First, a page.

Alan Rickman’s younger co-stars in the Harry Potter films have joined J.K. Rowling and the many others paying tribute to the late film star. First up was Daniel Radcliffe, who shared his memories of the Harry Potter villain turned hero on Google Plus, his social media platform of choice. In his post, Radcliffe calls Rickman “undoubtedly one of the greatest actors I will ever work with” and remembers his late co-star as “one of the first of the adults on Potter to treat me like a peer rather than a child.” Radcliffe first starred in Harry Potter and the Sorcerer’s Stone with Rickman when he was just 11 years old, and worked closely with him on all eight Potter films. Read his full tribute below:
Alan Rickman is undoubtedly one of the greatest actors I will ever work with. He is also, one of the loyalest and most supportive people I’ve ever met in the film industry. He was so encouraging of me both on set and in the years post-Potter. I’m pretty sure he came and saw everything I ever did on stage both in London and New York. He didn’t have to do that. I know other people who’ve been friends with him for much much longer than I have and they all say “if you call Alan, it doesn’t matter where in the world he is or how busy he is with what he’s doing, he’ll get back to you within a day”.
People create perceptions of actors based on the parts they played so it might surprise some people to learn that contrary to some of the sterner(or downright scary) characters he played, Alan was extremely kind, generous, self-deprecating and funny. And certain things obviously became even funnier when delivered in his unmistakable double-bass.
As an actor he was one of the first of the adults on Potter to treat me like a peer rather than a child. Working with him at such a formative age was incredibly important and I will carry the lessons he taught me for the rest of my life and career. Film sets and theatre stages are all far poorer for the loss of this great actor and man.
Rickman’s fellow Hogwarts professor Emma Thompson starred alongside him in a number of films, and was one of the loved ones who said good-bye to the actor in his final moments. In a statement to People, she commended his “humour, intelligence, wisdom and kindness“:
Alan was my friend and so this is hard to write because I have just kissed him goodbye.
What I remember most in this moment of painful leave-taking is his humour, intelligence, wisdom and kindness. The intransigence which made him the great artist he was – his ineffable and cynical wit, the clarity with which he saw most things, including me, and the fact that he never spared me the view. I learned a lot from him.
He was the finest of actors and directors. I couldn’t wait to see what he was going to do with his face next. I consider myself hugely privileged to have worked with him so many times and to have been directed by him.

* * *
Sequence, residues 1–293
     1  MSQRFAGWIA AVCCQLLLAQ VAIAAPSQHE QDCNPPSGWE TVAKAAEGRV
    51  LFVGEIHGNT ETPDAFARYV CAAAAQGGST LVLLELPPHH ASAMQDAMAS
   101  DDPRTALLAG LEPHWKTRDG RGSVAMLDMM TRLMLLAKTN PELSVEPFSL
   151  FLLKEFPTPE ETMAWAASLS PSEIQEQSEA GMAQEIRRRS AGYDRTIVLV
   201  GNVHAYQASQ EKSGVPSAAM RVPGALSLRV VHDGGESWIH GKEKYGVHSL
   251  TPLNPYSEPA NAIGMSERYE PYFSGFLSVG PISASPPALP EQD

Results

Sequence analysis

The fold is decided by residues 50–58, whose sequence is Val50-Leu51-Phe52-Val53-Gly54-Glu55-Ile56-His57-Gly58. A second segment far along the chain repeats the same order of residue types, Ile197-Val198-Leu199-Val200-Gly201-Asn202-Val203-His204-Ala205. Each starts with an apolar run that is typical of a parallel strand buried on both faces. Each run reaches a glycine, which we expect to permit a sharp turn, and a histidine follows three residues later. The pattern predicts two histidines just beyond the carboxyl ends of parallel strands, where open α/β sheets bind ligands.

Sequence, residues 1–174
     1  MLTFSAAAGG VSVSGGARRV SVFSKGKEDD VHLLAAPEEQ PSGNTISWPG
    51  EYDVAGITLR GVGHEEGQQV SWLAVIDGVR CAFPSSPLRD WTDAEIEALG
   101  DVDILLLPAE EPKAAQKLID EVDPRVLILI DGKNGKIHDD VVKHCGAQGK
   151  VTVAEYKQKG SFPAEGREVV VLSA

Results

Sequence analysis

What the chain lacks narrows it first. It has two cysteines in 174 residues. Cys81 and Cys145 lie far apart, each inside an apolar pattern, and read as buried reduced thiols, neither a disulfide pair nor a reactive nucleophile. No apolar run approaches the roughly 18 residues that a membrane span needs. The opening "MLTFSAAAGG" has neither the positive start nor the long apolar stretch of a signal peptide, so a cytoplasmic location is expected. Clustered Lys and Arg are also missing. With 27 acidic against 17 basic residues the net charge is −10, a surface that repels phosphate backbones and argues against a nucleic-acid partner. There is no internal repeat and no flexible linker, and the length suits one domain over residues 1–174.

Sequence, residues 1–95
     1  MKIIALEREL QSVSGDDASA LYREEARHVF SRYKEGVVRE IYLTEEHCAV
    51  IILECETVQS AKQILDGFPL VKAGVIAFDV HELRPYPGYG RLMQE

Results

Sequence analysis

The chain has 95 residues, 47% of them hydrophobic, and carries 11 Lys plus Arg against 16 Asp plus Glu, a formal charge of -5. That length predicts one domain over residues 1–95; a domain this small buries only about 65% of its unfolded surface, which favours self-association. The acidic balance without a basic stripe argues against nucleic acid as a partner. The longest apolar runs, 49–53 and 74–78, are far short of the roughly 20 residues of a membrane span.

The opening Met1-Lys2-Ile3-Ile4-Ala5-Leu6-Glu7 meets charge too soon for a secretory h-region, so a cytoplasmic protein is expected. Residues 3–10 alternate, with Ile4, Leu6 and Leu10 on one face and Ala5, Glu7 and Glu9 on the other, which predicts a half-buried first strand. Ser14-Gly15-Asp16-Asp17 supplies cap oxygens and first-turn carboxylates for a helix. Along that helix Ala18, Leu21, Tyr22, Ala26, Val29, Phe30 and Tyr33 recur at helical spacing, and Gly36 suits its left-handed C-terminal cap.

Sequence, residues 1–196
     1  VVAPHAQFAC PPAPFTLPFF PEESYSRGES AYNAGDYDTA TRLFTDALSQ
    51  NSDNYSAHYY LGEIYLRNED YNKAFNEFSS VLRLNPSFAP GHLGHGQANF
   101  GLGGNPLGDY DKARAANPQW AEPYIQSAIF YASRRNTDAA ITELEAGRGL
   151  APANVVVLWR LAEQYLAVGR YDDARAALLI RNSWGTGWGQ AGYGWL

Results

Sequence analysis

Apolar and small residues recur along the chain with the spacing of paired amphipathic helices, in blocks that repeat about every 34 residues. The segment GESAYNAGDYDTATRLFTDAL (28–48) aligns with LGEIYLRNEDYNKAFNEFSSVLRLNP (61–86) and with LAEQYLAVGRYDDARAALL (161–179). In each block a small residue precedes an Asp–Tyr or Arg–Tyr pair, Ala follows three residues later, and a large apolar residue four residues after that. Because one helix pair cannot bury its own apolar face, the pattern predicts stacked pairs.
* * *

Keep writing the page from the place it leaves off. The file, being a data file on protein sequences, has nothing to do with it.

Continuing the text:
He was the ultimate ally. In life, art, and politics. I trusted him absolutely.
He was, above all things, a rare and unique human and we shall not see his like again.
On social media, Emma Watson also took time to praise Rickman as both an actor and an outspoken feminist. The former Hermione Granger tweeted a quote from Rickman saying men identifying as feminists was to “our mutual advantage,” and also posted a short tribute to the actor on Facebook:
I’m very sad to hear about Alan today. I feel so lucky to have worked and spent time with such a special man and actor. I’ll really miss our conversations. RIP Alan. We love you.
Rupert Grint shared a tribute to Rickman on Instagram, writing that he was “so devastated to hear” the news. “I feel so privileged to have had the opportunity to work with him on numerous occasions,” he added. “Even though he is gone, I will always hear his voice.” (Grint also regrammed a fan’s image of Harry Potter toys attending a Snape memorial service over a copy ofThe Deathly Hallows.)
On Instagram, Matthew Lewis, the man who once was Neville Longbottom, posted his own memorial to Rickman:
I was at Leavesden Studios today when I heard the news. As I walked through the canteen I thought of Alan queuing up for his lunch with us mere mortals. I recalled the trailer in which he offered me some of the greatest advice I ever received about this mad profession we shared. Being back in those corridors made me remember a lot of things and I will treasure those memories all my life. He inspired my career more than he ever knew and I’ll miss him.
Evanna Lynch, Potter’s Luna Lovegood, shared her own memory of the man behind the Snape costume: